Brownhead Rush

Brownhead Rush Plant Information

Brownhead Rush grows in the following 4 states:

Oregon, California, Hawaii, Washington

Juncus phaeocephalus, the brown-headed rush, is native mostly along the coast of California, north to Oregon and Washington. It grows in moist seeps and shallow wet soil.

Juncus phaeocephalus is native to the coastlines of California. It is distributed in meadows and borders of swamps and coastal regions from Los Angeles County and Mendocino County to Oregon and Washington.
Juncus phaeocephalus grows along the coast in sand dunes, marshes and sloughs. Some of them also grow inland in wet grassy meadows, bogs, and along lakes and streams, such as in the Peninsular Ranges and Transverse Ranges of Southern California. Its creeping rhizomes can spread across moist soil. This perennial plant can grow in elevations less than 2,200 metres (7,200ft) high.
Juncus phaeocephalus is perennial with creeping rhizomes. It has flattened stems that are two-edged and can grow up to 1.5 feet (0.46m) tall. Its leaves are shorter than its flowering stems. Brown-head Rush can be easily mistaken from sedges or irises because of its stems and leaves. These plants have many flowers that exhibit a brownish color with one to several spherical heads at the ends of the stem.
This plant is perennial and can grow up to 1.5 feet (0.46m) tall. They appear as herbs and erect. Its stems are flat, erect and leafy. They arise from stout elongated rootstocks.
Its leaves are 0.5 to 1.5 lines wide and are ribbed by transverse septa. The septa of the leaf-blades are not complete. It does not have any ligule. The bases of the leaves are overlapping. The blades are flat with edges towards the stem. Their tips are often fine-pointed.
Its inflorescence appears terminal, having the lowest bract of the inflorescence not appearing as a continuation of the stem.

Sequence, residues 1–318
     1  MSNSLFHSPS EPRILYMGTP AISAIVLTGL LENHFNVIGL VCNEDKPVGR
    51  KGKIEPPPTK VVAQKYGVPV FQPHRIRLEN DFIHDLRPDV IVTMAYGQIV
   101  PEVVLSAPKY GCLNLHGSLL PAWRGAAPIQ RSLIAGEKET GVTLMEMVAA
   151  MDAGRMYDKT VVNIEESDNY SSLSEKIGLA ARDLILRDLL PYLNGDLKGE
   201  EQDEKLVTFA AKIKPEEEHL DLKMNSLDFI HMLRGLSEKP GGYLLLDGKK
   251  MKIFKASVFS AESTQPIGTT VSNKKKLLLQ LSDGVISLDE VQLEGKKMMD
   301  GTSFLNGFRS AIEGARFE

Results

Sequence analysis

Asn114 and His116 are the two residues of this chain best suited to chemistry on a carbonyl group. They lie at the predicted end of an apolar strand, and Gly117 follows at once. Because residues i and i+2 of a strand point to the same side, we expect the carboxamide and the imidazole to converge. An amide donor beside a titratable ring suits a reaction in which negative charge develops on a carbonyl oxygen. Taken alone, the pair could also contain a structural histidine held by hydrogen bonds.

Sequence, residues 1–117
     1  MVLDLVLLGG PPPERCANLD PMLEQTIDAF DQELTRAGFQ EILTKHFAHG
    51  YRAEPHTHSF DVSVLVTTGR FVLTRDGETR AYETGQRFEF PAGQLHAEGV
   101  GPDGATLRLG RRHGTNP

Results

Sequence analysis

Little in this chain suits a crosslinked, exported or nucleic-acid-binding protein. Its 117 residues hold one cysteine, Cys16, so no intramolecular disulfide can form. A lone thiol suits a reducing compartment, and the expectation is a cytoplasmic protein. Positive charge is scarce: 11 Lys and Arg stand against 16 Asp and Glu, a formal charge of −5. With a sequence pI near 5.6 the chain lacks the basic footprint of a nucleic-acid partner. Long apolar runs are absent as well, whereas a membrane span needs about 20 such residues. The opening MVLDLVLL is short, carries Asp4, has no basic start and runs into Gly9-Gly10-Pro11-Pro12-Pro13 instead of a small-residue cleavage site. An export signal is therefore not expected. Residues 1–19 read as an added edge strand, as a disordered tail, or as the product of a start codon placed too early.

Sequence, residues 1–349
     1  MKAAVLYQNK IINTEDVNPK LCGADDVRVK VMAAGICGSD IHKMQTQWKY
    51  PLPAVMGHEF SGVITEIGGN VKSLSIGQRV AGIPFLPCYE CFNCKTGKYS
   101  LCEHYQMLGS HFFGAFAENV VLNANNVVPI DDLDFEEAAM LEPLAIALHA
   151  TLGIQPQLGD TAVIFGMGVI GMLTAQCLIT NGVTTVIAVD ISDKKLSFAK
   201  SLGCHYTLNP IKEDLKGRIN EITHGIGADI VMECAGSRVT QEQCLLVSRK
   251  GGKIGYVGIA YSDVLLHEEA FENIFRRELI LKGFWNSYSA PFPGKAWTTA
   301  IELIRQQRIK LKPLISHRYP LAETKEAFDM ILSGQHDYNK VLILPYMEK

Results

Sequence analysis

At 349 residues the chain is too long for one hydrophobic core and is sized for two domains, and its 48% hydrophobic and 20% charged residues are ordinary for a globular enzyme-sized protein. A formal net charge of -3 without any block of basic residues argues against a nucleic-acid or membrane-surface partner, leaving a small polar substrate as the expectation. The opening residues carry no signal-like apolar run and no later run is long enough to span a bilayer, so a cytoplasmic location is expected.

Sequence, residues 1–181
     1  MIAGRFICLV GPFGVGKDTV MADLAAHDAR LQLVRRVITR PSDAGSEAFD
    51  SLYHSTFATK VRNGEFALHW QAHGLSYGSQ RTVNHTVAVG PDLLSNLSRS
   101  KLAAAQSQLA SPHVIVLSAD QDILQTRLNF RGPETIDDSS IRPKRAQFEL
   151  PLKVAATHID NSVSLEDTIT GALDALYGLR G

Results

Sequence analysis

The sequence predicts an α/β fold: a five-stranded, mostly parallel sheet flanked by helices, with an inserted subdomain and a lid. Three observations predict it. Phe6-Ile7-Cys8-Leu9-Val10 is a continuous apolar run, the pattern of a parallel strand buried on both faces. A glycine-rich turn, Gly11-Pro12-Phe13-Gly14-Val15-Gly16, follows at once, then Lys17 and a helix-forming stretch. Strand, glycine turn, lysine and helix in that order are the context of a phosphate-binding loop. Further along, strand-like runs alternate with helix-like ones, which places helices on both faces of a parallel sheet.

The flowers of this plant are in heads. The flower-s heads can have one or many. It has 6 stamens. Its perianth is dark brown in color, and is about 4 to 6mm long, with anthers longer than the filaments. The flowers are widely lanceolate. Its style is long and the stigmata are exserted.
This plant produces many seeds. These ovoid seeds are about 0.6mm in size.
Juncus phaeocephalus is a variable species in which several subspecific varieties have been characterized mainly on its branching patterns of the inflorescences. Named varieties include:
According to the tests made on the plants at the Chemistry Laboratory of the California Department of Food and Agriculture, Juncus phaeocephalus has as much as 30 ppm of hydrocyanic acid present in the plants. Due to its volatile nature, the concentration of this chemical might be greater before the actual testing was made.
One actual case of hydrocyanic acid poisoning from a common rush occurred in California. In December 1958, two dairy heifers were found dead on a farm land near Petaluma, Sonoma County. The heifers died due to consumption of Juncus phaeocephalus plants.Juncus phaeocephalus grows with Verbena spp., Mimulus guttatus, Eleocharis macrostachya and Agrostis densiflora.

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